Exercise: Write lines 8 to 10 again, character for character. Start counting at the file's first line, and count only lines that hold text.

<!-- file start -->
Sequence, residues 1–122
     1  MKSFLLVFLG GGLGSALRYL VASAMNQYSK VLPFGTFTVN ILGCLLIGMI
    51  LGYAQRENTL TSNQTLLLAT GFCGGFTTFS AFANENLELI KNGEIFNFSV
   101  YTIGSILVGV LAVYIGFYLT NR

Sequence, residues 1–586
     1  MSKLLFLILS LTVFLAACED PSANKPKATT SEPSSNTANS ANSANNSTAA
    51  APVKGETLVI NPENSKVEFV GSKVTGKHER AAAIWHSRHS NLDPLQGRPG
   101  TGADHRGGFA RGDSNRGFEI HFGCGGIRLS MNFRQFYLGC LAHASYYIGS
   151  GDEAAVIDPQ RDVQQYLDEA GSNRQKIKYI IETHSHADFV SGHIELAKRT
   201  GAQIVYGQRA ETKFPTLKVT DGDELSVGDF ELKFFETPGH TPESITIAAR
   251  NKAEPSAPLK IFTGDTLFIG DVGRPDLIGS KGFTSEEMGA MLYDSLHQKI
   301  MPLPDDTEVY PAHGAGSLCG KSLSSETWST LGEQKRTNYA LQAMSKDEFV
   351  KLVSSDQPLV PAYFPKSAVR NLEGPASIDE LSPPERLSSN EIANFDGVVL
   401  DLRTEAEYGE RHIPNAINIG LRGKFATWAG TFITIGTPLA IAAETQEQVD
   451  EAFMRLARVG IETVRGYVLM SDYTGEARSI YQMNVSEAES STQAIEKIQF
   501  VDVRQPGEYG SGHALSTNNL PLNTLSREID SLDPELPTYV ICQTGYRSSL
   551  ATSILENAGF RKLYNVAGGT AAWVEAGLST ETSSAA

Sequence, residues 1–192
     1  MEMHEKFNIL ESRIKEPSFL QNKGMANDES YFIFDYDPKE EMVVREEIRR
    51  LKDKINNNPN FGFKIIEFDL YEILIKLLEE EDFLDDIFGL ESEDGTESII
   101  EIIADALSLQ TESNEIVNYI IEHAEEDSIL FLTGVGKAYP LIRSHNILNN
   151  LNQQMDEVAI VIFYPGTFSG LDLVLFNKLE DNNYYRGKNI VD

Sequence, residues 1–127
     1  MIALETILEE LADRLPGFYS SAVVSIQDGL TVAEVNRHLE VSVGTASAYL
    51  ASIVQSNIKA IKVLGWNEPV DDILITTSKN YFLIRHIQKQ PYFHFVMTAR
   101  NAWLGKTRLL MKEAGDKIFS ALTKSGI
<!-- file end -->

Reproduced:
   101  TGADHRGGFA RGDSNRGFEI HFGCGGIRLS MNFRQFYLGC LAHASYYIGS
   151  GDEAAVIDPQ RDVQQYLDEA GSNRQKIKYI IETHSHADFV SGHIELAKRT
   201  GAQIVYGQRA ETKFPTLKVT DGDELSVGDF ELKFFETPGH TPESITIAAR